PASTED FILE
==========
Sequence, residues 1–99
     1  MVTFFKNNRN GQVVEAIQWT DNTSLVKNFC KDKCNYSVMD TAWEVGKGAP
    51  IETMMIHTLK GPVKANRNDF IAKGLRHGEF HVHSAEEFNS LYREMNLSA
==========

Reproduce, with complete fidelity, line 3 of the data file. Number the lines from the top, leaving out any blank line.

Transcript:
    51  IETMMIHTLK GPVKANRNDF IAKGLRHGEF HVHSAEEFNS LYREMNLSA